Welcome!

All the events listed in this calendar are funded in whole or part by New Hampshire Humanities, and all are free and open to the public unless otherwise noted. 

View a PDF of our quarterly publication, the Spring 2020 issue of Engage!

For previous editions of our newsletter, click here.

Our Humanities to Go Catalog is available online.

 

 
New Hampshire Humanities programs are made possible in part by a grant from the National Endowment for the Humanities (NEH). Any views, findings, conclusions or recommendations expressed in this these programs do not necessarily represent those of the NEH or New Hampshire Humanities.

Tuesday, September 22, 2020

Virtual | Manchester, NH

THIS IS AN ONLINE PROGRAM: Following World War II, New Hampshire embarked on an extensive program of constructing new highways and improving existing roads to accommodate explosive growth in passenger vehicles and the need for better infrastructure to accommodate commercial traffic. Hundreds of millions in federal, state, and local tax dollars would be expended on this initiative over the second half of the 20th century and road construction would become an enduring part of the state's economy.

Folsom Tavern | Exeter, NH

"Open Questions" is a pilot series of thought-provoking community conversations presented by New Hampshire Humanities. This series explores essential questions about meaning and life that are important to Granite Staters. Each program is facilitated by philosophy professors who will explore essential questions about meaning and life. Open Questions: Does Truth Matter? (facilitated by Joshua Tepley)

| Stratham, NH

NOTE: This program has been canceled.

| Canterbury, NH

NOTE: This program has been canceled.

| Tuftonboro, NH

NOTE: This program has been canceled.

Wednesday, September 23, 2020

In the months since Breonna Taylor and George Floyd were killed by police officers in Louisville and Minneapolis, more than 25 million Americans have participated in Black Lives Matter protests in more than 4,000 cities and towns, in every state in the country. Millions more people have joined protests globally. By most accounts, Black Lives Matter is the largest social movement in U.S. history. This presentation will explore the founding of Black Lives Matter and discuss how today's movement grew out of the civil rights movement of the 1950s and 1960s. Presented by Dr.

| Grantham, NH

NOTE: This program has been canceled.

Virtual | Bedford, NH

THIS IS AN ONLINE PROGRAM: Everyone knows that there's "something about lighthouses" that gives them broad appeal, but their vital role in our history and culture is little appreciated. Our early nation was built on maritime economy, and lighthouses were part of the system that made that possible. Due to automation, traditional lighthouse keeping is a way of life that has faded into the past.

Thursday, September 24, 2020

The NH Institute for Civics Education, in partnership with the Warren B. Rudman Center at UNH Franklin Pierce School of Law, presents a webinar on the necessity civics education featuring Suzanne Spaulding (Senior Adviser, Homeland Security, International Security Program, Center for Strategic and International Studies Former Under Secretary for the Department of Homeland Security), and Elizabeth Rindskopf Parker (Board of Advisors of the Reiss Center on Law and Security at NYU School of Law Former General Counsel to the Central Intelligence Agency and the National Security Agency).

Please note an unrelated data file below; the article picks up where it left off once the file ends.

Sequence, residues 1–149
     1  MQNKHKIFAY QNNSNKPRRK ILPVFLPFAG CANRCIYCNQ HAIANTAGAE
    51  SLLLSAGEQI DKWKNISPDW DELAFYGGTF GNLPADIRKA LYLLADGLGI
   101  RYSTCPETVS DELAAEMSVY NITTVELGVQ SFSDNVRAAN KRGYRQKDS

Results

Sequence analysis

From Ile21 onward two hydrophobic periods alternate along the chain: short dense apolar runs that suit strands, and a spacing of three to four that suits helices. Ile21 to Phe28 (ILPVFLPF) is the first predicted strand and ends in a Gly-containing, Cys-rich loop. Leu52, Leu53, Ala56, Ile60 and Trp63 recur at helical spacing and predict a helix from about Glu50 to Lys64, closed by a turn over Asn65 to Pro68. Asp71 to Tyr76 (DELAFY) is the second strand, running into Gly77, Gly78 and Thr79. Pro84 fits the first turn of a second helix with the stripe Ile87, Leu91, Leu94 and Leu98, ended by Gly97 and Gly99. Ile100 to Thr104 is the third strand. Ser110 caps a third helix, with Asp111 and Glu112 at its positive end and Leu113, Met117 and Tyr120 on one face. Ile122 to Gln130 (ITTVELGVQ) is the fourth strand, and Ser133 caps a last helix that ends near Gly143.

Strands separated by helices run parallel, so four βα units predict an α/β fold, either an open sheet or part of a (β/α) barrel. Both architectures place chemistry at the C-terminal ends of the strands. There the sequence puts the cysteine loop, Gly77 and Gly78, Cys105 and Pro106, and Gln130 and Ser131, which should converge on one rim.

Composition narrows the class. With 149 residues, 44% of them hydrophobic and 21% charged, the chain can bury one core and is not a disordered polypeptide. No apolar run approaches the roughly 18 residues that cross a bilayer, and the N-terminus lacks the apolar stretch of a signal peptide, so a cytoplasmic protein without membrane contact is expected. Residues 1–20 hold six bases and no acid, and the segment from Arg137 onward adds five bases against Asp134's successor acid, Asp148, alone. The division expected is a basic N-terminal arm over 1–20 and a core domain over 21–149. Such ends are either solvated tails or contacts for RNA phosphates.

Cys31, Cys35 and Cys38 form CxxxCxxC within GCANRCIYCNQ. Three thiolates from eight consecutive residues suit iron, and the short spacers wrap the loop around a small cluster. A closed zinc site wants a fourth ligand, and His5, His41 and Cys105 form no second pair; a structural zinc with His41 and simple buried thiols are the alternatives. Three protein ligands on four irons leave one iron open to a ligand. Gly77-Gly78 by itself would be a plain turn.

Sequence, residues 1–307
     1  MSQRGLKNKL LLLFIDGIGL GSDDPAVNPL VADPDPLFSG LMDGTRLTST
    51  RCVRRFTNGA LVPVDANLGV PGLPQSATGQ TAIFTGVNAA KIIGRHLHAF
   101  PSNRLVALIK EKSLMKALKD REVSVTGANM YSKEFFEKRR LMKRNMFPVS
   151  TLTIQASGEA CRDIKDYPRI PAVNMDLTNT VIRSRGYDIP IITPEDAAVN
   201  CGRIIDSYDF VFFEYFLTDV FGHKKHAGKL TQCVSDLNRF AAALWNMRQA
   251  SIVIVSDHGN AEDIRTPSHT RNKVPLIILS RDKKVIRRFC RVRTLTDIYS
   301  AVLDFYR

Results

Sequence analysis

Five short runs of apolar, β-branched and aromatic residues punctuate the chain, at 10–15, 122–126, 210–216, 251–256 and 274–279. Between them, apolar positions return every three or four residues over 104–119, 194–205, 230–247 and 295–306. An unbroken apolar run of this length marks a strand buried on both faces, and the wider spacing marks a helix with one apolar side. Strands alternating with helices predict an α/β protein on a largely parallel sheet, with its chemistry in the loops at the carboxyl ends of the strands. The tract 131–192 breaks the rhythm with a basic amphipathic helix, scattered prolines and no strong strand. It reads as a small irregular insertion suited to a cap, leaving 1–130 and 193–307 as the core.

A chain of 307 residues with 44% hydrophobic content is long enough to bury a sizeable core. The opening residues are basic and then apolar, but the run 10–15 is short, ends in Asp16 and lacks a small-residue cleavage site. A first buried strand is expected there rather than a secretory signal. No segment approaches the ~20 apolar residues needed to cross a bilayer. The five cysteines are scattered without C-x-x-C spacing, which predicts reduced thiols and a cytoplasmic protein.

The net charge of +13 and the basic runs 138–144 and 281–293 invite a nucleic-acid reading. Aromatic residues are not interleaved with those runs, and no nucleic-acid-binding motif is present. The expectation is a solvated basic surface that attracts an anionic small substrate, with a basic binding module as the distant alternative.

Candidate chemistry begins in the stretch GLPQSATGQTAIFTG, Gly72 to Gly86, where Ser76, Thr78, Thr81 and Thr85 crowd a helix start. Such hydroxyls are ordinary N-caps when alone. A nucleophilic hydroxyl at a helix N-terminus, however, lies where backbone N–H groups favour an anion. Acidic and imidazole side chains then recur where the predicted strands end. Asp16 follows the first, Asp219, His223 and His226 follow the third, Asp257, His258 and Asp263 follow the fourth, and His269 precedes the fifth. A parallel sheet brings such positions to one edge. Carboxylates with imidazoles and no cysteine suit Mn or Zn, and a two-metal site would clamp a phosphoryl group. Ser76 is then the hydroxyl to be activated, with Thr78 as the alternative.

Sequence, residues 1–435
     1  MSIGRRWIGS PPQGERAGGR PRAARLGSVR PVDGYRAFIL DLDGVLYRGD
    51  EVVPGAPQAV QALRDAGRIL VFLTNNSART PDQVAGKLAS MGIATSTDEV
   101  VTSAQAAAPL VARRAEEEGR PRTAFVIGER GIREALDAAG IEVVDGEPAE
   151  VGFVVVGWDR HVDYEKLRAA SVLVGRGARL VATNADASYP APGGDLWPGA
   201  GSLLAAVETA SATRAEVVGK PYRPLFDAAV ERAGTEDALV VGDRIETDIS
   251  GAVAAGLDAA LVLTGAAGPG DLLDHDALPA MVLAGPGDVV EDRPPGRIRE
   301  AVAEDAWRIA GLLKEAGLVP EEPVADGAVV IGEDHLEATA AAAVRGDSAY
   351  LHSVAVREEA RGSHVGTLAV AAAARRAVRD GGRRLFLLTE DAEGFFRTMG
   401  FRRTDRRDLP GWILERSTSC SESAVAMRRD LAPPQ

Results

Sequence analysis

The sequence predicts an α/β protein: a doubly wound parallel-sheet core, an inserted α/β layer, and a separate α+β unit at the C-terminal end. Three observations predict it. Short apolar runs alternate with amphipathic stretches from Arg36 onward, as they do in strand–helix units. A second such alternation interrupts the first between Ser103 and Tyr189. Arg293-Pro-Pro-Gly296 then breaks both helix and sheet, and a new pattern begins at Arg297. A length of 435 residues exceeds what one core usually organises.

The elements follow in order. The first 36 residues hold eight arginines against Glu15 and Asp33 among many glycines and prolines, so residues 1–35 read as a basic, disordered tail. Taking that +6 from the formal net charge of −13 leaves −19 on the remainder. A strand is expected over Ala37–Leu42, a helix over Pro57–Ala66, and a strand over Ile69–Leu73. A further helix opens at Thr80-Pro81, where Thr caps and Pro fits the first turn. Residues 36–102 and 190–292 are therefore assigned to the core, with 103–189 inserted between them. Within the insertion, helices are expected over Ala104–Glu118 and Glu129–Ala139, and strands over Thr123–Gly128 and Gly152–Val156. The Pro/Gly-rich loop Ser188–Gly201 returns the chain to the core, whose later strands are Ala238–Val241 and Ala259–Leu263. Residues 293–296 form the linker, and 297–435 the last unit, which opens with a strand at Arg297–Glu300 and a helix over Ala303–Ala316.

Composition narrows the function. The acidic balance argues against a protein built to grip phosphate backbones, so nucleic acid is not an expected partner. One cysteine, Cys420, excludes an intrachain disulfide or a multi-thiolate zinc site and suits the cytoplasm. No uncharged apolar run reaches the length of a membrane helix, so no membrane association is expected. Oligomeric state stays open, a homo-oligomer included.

| Hampstead, NH

THIS IS AN ONLINE PROGRAM: The campaign for women's right to vote was a long one, from the 1848 Women's Rights Convention in Seneca Falls, New York to ratification of the 19th amendment in 1920. Who were the key players in New Hampshire and the nation? What issues and obstacles did they face? How did suffragists benefit from World War I in the final push for passage of the women's suffrage amendment? Who was left out when women got the right to vote? Using historic photos and documents, Liz Tentarelli will guide us on the journey.

Hancock Town Library | Hancock, NH

In 1787 delegates gathered in Philadelphia to address a wide variety of crises facing the young United States of America and produced a charter for a new government. In modern times, competing political and legal claims are frequently based on what those delegates intended. Mythology about the founders and their work at the 1787 Convention has obscured both fact and legitimate analysis of the events leading to the agreement called the Constitution. Richard Hesse explores the cast of characters called "founders," the problems they faced, and the solutions they fashioned.

Virtual | Chesterfield, NH

THIS IS AN ONLINE PROGRAM: Jennie Powers took a stand against social vices in New Hampshire and Vermont in the early twentieth century. She was a humane society agent in Keene from 1903-1936 and one of the first humane society agents to become a deputy sheriff in New Hampshire. Jennie was known across the country as "The Woman Who Dares" cited by the Boston Post newspaper in 1906 as having arrested more men than any other woman in America.

Friday, September 25, 2020

Woodman Museum | Dover, NH

Many courageous American women sacrificed their reputations and social status - some their marriages, rights to their children, and own health - to secure women the right to vote.

Sunday, September 27, 2020

| Easton, NH

NOTE: This program has been canceled.